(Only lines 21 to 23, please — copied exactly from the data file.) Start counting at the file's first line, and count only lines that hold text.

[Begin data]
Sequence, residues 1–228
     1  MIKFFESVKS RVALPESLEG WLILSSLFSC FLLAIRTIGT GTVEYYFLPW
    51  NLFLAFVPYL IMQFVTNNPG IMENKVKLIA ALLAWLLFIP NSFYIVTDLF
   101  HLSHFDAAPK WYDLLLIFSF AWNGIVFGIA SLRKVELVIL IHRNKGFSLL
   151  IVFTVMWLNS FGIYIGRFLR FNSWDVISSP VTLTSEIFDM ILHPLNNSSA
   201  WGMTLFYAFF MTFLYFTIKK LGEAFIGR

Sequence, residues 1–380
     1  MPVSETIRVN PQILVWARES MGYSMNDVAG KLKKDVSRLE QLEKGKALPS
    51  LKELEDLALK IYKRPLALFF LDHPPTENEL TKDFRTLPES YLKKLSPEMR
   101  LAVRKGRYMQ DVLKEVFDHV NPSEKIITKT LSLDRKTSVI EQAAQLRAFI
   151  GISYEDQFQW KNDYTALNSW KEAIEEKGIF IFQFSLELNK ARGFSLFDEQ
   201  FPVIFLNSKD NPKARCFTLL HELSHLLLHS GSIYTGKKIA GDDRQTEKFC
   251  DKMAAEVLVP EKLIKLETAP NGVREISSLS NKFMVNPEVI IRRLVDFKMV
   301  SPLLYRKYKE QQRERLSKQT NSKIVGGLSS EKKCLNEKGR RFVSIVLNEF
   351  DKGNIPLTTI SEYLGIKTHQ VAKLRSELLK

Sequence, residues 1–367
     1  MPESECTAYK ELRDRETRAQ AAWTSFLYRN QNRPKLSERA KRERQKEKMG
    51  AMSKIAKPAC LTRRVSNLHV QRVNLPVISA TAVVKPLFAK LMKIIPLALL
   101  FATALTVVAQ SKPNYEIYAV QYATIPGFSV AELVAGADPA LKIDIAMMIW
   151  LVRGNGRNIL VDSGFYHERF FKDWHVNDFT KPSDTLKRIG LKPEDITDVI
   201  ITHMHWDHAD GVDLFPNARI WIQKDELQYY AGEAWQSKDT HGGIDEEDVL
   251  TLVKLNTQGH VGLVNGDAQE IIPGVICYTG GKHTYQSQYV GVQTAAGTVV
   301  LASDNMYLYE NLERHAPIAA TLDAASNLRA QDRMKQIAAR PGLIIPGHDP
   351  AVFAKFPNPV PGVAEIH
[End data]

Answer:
   201  ITHMHWDHAD GVDLFPNARI WIQKDELQYY AGEAWQSKDT HGGIDEEDVL
   251  TLVKLNTQGH VGLVNGDAQE IIPGVICYTG GKHTYQSQYV GVQTAAGTVV
   301  LASDNMYLYE NLERHAPIAA TLDAASNLRA QDRMKQIAAR PGLIIPGHDP